AP NEWS

State to help Oxford manufacturer

November 12, 2018

After the unexpected death in October of the owner of an Oxford manufacturer that makes locomotive turntables and people movers, the state of Connecticut plans to extend the company a loan of up to $1 million to keep it operational in the near term.

Macton owner Peter G. McGonagle died Oct. 23 at age 55, a dozen years after the Fairfield resident led a buyout of Macton Corp. after an earlier career with predecessor companies of Affinion Group in Stamford, and before that as a corporate lawyer with expertise on mergers.

Macton makes big turntables used to rotate locomotives onto new tracks at rail hubs, as well as for other applications ranging from revolving exhibits at trade shows to security barriers that can be rotated into position to prevent vehicles from entering a roadway. The company also produces jacks and lifts for locomotives, railcars and other vehicles, with Macton systems having been installed at a rail yard in New Haven that services Metro-North.

Macton was founded in 1947 and moved to Oxford in 1999. In 2006, it was sold by a private equity investment firm to McGonagle, who was previously an executive with Trilegiant and Cendant.

The manufacturer has its headquarters plant a few miles south of Interstate 84 in an Oxford industrial park that is home also to RBC Bearings, a publicly traded company that makes ball bearings and other components for the aerospace industry and other uses. Macton moved there in 1999, having previously been located in a singular, circular building at Danbury Municipal Airport that has been on the market for several years, priced currently at $2.1 million.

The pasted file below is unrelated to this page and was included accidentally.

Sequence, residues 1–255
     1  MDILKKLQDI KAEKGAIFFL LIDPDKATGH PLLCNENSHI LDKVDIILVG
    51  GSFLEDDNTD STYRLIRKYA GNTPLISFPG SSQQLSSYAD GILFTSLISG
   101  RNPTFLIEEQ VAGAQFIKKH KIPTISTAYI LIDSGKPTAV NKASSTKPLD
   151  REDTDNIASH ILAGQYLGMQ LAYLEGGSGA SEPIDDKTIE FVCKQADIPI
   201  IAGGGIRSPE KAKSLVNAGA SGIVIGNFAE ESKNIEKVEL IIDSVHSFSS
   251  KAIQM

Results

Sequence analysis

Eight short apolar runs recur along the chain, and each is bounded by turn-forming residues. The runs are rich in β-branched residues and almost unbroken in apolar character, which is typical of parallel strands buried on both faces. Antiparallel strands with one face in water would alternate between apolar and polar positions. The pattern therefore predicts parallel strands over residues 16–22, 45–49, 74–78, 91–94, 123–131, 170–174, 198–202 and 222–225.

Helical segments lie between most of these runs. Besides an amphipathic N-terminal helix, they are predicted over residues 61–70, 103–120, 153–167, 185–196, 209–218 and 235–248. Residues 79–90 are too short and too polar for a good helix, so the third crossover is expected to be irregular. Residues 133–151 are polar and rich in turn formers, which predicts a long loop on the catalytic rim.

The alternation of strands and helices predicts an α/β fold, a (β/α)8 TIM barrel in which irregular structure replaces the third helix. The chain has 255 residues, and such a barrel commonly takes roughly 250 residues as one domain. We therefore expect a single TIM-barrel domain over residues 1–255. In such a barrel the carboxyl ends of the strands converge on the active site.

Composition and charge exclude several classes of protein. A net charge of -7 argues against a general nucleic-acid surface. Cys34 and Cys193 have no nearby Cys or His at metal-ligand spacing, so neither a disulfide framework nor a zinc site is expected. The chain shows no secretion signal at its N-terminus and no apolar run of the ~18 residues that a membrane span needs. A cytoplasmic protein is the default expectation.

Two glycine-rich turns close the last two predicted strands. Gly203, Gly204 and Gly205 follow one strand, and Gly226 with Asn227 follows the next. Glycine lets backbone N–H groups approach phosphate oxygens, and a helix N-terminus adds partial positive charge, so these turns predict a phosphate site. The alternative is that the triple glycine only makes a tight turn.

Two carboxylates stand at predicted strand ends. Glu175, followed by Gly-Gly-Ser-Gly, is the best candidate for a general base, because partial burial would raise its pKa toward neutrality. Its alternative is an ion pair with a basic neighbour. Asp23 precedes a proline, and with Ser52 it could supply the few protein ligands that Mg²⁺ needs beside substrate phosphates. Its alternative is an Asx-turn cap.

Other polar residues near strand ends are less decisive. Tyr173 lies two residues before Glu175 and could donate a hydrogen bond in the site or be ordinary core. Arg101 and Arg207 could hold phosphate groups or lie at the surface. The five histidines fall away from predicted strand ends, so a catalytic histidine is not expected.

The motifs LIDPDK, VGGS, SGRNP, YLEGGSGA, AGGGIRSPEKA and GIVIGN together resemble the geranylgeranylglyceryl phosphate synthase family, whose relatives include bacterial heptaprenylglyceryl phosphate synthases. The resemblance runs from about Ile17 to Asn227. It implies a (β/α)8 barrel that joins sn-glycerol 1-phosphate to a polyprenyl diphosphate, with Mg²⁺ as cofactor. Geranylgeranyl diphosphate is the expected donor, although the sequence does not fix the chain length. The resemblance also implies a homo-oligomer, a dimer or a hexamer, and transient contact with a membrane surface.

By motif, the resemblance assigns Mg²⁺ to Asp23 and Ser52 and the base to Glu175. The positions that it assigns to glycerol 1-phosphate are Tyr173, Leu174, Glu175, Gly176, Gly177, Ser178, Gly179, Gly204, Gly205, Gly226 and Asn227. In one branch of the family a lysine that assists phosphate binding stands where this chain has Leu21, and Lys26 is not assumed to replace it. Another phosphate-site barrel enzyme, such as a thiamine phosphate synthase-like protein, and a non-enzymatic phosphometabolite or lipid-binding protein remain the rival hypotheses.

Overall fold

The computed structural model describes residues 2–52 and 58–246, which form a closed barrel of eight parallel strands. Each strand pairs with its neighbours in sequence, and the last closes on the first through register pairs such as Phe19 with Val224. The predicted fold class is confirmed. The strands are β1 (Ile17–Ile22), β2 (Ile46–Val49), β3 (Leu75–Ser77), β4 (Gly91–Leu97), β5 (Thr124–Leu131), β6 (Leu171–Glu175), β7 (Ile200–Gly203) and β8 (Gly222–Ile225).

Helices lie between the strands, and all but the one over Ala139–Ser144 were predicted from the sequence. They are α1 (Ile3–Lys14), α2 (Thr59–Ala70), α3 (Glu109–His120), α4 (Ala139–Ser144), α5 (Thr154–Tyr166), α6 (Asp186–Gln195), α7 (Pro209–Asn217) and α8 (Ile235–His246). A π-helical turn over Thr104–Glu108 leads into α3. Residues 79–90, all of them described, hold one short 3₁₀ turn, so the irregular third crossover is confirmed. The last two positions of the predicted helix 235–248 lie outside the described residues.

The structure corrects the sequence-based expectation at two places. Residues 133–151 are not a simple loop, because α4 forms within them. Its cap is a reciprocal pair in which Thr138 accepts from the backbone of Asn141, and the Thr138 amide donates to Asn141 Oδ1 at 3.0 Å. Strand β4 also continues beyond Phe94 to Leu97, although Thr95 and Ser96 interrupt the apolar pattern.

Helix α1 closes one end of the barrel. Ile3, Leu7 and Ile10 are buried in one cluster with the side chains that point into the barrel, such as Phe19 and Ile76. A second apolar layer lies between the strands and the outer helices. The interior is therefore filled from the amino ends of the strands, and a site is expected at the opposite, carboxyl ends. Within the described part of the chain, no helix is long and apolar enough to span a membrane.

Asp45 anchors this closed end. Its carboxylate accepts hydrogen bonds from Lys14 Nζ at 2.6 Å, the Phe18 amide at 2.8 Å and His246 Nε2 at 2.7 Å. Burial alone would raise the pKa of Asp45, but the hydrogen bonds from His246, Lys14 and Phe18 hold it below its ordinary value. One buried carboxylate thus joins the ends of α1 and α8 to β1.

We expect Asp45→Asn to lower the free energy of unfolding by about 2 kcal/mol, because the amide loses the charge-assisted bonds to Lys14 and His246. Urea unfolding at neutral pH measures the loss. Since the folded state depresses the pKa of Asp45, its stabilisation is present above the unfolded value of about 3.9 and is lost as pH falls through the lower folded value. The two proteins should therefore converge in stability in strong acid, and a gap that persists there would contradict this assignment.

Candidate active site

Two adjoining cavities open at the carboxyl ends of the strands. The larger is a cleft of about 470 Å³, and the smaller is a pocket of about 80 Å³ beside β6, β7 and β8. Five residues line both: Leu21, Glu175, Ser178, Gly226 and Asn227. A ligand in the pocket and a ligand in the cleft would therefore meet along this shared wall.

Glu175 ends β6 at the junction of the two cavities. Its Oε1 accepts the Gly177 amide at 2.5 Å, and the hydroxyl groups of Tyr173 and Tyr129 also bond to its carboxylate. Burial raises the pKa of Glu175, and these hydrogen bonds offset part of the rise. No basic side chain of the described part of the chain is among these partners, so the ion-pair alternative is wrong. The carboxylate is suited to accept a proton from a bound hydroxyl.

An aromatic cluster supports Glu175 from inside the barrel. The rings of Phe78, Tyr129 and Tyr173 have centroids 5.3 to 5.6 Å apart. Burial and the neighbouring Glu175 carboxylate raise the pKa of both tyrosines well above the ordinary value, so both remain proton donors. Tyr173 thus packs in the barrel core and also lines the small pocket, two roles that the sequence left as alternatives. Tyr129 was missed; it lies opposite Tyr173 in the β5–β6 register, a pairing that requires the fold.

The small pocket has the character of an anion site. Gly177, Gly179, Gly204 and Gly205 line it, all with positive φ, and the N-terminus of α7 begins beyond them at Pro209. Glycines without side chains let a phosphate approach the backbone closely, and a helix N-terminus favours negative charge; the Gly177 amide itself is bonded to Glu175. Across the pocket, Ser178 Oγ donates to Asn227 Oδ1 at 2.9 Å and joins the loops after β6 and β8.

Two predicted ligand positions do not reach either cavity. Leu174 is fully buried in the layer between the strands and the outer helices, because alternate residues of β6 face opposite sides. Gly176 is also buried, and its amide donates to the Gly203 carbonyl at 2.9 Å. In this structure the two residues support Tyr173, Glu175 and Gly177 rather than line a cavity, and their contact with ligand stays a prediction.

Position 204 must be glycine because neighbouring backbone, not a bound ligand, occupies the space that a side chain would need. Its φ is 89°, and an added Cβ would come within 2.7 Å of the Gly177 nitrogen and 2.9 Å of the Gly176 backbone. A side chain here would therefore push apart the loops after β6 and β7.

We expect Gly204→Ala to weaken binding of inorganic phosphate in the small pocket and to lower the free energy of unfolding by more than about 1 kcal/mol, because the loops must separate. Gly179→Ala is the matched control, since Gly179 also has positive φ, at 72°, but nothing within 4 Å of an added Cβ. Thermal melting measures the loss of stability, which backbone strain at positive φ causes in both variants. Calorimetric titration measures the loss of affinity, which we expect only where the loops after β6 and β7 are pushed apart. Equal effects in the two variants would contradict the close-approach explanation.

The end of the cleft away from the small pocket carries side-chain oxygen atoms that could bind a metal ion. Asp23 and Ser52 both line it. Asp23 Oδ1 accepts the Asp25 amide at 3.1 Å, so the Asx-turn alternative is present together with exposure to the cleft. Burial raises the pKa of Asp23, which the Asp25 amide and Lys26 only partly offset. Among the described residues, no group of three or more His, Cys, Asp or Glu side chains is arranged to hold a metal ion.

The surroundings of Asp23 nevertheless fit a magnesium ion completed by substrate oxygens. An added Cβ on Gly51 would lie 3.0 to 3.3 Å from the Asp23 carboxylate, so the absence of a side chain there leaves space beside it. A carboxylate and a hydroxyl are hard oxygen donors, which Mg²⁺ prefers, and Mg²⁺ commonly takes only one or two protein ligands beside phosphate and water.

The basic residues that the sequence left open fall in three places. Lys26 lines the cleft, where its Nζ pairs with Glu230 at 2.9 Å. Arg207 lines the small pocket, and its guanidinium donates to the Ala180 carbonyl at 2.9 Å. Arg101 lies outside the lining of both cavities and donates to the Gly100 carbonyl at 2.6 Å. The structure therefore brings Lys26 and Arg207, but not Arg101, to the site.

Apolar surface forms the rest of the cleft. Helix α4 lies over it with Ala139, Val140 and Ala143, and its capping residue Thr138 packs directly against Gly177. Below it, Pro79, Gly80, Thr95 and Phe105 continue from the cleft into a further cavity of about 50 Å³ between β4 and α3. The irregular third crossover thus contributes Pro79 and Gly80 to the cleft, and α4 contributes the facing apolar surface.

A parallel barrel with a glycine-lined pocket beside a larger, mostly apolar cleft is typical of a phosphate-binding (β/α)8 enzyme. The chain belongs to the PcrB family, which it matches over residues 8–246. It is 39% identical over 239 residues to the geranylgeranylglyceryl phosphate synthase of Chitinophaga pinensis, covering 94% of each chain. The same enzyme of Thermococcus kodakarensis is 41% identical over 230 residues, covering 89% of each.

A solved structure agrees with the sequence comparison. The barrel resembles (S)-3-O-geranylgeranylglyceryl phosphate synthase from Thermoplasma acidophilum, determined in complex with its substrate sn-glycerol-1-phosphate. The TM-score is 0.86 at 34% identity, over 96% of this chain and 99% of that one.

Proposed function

Macton would use the funds for restarting manufacturing operations in Oxford, according to Connecticut Innovations, with the state Department of Economic and Community Development stating it could invest as much as $300,000 in the deal. A Connecticut Innovations committee votes on the newest loan on Thursday, with a history of approving deal terms that proceed to a vote.

In 2014, Macton borrowed $650,000 from the state to purchase new equipment, and landed a $100,000 state grant the following year. In 2016, Macton obtained a $4.4 million in credit from Rockland Trust of Rockland, Mass.

Includes prior reporting by Luther Turmelle and Dirk Perrefort.

Alex.Soule@scni.com; 203-842-2545; @casoulman

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